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I have a caching-only dns server which get ~3k queries per second. Here is specs:

Xeon dual-core 2,8GHz 4GB of RAM
Centos 5x (kernel 2.6.18-164.15.1.el5PAE) 
bind 9.4.2

rndc status: recursive clients: 666/4900/5000

About 300 new queries (not in cache) per second.

Bind always uses 100% on one core on single-thread config. After I recompiled it to multi-thread, it uses nearly 200% on two core :( No iowait, only sys and user. I searched around but didn't see any info about how bind use CPU. Why does it become bottleneck?

One more thing, here is RAM usage:

cat /proc/meminfo 
MemTotal:      4147876 kB
MemFree:       1863972 kB
Buffers:        143632 kB
Cached:         372792 kB
SwapCached:          0 kB
Active:        1916804 kB
Inactive:       276056 kB

I've set max-cache-size to 0 to make sure bind can use as much RAM as it want, but it always stop at ~2GB. Since every second we got not cached queries so theoretically RAM must be exhausted but it wasn't.

Do you have any idea?



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Which version of BIND are you using? Versions before Bind 9.5 have known scalability problems with high loads, see .


  • never set max-cache-size to 0 unless you want to open your server to DoS
  • the maximum size taken by your cache is always bound to the TTLs of the actual records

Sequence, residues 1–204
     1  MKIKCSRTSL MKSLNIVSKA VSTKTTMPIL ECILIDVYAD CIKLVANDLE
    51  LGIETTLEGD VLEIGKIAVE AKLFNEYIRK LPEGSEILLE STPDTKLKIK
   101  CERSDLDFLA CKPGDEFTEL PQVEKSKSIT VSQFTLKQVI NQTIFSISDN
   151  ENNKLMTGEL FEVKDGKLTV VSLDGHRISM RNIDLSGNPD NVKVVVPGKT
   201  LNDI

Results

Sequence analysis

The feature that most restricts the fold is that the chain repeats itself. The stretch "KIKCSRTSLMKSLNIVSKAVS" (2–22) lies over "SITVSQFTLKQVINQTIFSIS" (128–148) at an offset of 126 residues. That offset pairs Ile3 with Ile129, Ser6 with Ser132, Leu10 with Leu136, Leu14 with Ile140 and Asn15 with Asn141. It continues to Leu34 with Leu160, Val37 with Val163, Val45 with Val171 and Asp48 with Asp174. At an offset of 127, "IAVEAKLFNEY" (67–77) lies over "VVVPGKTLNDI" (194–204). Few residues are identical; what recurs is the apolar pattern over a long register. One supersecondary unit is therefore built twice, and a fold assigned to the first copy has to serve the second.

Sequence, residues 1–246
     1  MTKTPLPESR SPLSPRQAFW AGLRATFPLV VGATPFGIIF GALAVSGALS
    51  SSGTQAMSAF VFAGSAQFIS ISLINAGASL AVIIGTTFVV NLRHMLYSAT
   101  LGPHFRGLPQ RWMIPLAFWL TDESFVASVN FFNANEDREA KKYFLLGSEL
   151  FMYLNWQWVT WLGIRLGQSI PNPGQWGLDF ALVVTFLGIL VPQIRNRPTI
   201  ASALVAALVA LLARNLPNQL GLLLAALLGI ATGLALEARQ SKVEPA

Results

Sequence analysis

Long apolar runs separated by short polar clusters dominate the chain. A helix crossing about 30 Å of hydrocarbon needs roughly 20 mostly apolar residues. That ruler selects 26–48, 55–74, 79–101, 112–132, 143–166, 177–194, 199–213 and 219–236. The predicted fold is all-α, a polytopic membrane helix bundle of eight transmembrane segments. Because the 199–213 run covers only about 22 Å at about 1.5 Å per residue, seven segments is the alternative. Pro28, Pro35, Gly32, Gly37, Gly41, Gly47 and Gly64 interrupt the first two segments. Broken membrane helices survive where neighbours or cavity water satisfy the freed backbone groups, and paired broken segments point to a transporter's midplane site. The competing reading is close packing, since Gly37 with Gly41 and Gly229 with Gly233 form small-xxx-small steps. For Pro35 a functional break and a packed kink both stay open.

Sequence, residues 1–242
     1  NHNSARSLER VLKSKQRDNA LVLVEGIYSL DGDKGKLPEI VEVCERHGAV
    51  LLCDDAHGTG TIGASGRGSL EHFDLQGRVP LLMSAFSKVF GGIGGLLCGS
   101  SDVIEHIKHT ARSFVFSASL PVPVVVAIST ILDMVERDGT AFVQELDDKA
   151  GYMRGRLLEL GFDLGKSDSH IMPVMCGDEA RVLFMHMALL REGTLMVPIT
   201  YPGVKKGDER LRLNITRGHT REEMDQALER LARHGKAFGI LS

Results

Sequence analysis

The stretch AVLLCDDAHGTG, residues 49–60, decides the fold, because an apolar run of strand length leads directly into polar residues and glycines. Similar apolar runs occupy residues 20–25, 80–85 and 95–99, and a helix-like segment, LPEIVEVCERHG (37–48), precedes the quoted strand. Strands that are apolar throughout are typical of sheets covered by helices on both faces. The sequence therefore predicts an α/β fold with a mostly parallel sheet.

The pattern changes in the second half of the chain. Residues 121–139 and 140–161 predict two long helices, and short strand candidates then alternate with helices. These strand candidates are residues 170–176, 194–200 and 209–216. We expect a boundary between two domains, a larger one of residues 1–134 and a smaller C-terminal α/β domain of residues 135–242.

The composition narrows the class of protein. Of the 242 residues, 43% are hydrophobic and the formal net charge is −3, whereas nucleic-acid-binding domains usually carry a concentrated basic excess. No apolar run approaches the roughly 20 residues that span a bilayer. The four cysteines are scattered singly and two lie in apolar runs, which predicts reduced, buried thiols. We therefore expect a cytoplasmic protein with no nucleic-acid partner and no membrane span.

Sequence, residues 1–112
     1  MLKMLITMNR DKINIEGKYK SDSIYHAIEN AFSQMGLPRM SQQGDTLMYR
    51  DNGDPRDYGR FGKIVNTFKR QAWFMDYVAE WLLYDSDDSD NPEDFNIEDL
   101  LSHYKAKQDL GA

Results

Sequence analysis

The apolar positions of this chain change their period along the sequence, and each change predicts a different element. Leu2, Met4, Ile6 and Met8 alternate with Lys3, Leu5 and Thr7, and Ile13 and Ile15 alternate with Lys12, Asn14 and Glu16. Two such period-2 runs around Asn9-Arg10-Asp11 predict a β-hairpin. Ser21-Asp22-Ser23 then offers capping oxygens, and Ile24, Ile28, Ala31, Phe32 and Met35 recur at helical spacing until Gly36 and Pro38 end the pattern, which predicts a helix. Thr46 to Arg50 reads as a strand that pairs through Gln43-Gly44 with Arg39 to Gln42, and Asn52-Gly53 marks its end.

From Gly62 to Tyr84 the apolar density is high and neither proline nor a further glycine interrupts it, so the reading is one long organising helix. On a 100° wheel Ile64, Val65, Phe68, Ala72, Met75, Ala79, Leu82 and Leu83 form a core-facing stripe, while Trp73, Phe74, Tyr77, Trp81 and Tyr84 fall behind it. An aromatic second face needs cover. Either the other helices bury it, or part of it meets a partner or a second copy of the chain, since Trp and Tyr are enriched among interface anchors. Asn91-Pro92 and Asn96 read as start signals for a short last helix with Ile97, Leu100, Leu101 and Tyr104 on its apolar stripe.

I recommend you perform a side test with dnscache from dnscache, it takes 10 minutes to install, is extremely simple to tune and maintain, and has predictable performance.

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The question is 2 years old and someone else already told him to update years ago... – Chris S May 26 '12 at 2:38
The age is of little relevance if the question is still applicable. Regarding the answer, previous folks told him to upgrade generally. My answer points to the specific problem inside the version and why it affects performance. – michele May 27 '12 at 5:28

Interesting problem... Never seen bind use 100% CPU, but quick search turned out a very interesting page that may help you fix the problem... Let me know how it turns out. I am interested to know the outcome.

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Thanks for the link. I read it several times but because of our complex current setup, I'd like to save the multi-instance of bind as the last resort. – Gk. Apr 20 '10 at 16:49
Gk, as far as your 2Gb memory limit does, it is because your bind compiled as a 32-bit application. If hardware allows, you need to recompile it as 64-bit to be able to take advantage of the extra memory, however, bind has a hard-coded limit of 4Gb, so if you ever want to go over that, you will have to hack the source. – solefald Apr 20 '10 at 17:03

3k qps for a server of that class is relatively low volume in raw I/O and memory bandwidth terms - I'd expect to be able to get nearer 20k if it was an authoritative server.

That said, BIND 9.4.2 is old. If you can roll your own or use non-RHEL RPMs you really should try BIND 9.7.x instead and see if that solves your performance issues.

Also, to use more than 2GB of RAM you'd need to be running on x64 in 64-bit mode rather than x86.

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Thanks for your answer. I got some random crash when update to bind 9.6.x but I'll give it a try on 9.7.x ver. I'll post this question on bind-user maillist and update here as soon as I get the answer. – Gk. Apr 26 '10 at 2:20

You will probably get much better performance with Unbound. If you are using BIND only as a caching recursive server with nothing special in the configuration, switching to Unbound will be really easy.

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